8. We may also mention that this Court had appointed another Commission headed by Justice O. Chinnappa Reddy, a former Judge of this Court, to enquire into the role played by the officials of the DDA in the matter and to recommend appropriate action against them. Justice Chinnappa Reddy Commission submitted a Report promptly on 7-7-1995, after conducting a painstaking and elaborate enquiry, on the basis of which this Court had directed disciplinary action to be taken against certain officers of the DDA.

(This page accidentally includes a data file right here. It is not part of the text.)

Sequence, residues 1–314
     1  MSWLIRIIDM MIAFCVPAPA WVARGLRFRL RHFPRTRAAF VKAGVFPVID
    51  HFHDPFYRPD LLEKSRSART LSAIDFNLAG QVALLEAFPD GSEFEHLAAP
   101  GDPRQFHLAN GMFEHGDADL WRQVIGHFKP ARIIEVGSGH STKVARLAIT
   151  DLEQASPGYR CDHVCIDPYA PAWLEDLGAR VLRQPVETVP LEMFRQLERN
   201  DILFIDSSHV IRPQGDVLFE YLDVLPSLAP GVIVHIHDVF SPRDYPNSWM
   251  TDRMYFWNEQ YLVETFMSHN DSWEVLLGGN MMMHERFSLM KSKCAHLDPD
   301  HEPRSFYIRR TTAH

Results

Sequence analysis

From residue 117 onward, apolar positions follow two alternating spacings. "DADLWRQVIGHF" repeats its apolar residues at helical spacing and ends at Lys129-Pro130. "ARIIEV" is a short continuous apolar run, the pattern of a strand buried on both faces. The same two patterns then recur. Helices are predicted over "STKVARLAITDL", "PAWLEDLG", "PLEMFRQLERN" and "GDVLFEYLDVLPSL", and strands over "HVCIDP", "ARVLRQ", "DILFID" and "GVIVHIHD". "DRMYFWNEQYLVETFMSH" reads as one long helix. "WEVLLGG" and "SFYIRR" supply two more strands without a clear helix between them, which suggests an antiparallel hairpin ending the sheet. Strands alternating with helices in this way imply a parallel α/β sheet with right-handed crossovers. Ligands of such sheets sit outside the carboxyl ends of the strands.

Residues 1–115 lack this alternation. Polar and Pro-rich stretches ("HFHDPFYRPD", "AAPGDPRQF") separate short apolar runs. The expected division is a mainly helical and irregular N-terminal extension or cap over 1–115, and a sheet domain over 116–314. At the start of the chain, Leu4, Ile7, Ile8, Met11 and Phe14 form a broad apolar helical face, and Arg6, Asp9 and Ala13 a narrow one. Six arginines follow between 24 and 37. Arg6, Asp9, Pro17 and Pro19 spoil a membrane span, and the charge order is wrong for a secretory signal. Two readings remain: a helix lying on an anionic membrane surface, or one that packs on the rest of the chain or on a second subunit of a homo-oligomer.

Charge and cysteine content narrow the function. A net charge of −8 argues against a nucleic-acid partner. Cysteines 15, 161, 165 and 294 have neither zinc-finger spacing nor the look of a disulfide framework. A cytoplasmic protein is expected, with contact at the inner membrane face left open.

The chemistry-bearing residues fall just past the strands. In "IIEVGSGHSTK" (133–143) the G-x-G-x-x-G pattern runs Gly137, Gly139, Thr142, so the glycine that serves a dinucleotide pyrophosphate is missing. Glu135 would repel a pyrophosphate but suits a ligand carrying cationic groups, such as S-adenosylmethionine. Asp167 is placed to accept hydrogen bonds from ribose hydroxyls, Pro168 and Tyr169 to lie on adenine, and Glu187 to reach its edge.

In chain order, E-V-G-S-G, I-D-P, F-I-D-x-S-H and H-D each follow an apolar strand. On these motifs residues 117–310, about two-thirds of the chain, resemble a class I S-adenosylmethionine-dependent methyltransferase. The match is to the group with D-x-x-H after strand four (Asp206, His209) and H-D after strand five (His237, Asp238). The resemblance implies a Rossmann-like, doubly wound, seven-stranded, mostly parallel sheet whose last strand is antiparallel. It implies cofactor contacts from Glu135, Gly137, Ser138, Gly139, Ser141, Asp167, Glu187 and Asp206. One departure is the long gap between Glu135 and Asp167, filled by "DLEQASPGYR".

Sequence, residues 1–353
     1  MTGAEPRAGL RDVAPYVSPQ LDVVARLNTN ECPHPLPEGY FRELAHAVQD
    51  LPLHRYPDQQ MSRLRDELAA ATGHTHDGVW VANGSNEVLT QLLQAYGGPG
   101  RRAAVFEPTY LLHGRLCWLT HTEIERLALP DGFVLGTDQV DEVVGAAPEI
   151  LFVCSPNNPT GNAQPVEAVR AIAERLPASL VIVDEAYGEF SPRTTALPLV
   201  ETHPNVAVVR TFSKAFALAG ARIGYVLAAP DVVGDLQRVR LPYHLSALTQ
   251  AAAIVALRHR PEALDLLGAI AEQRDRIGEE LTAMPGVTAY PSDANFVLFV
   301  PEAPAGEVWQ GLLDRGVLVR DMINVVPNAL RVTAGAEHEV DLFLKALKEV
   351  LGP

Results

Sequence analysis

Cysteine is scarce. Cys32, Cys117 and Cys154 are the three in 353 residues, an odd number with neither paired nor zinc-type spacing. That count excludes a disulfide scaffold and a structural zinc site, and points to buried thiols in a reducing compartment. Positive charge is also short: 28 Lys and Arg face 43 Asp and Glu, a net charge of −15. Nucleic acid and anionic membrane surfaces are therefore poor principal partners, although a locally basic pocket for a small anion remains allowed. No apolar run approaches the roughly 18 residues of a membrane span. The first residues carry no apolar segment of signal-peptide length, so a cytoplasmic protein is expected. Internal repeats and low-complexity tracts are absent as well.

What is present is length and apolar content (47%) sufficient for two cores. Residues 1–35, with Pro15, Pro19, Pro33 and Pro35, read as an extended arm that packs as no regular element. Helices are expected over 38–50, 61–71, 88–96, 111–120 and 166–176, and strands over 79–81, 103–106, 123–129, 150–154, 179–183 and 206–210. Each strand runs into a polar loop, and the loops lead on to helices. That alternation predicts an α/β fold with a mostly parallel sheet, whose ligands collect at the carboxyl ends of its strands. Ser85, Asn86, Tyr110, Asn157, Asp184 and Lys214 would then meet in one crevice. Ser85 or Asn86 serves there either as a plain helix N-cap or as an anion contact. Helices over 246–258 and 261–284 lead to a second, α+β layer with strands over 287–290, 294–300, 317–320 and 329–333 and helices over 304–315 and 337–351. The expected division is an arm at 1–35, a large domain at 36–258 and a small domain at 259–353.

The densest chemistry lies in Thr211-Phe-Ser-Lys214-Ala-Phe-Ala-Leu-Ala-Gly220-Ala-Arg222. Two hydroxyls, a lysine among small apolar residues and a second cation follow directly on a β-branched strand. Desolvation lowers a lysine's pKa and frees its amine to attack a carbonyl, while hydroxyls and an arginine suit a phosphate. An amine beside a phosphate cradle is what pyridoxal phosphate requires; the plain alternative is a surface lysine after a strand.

9. At this stage, several applications have been filed by the post-29-1-1991 purchasers to sell the properties of Tejwant Singh, his wife and children, which were attached by this Court under its order dated 8-2-1995 (in suo motu contempt proceedings) and utilise the proceeds so realised to reimburse them along with interest and damages. Notice of the said applications was given to Tejwant Singh and Surinder Kaur and to the sons of the said persons whose properties were attached under the aforesaid orders. We have heard the parties at length on 18-4-1994.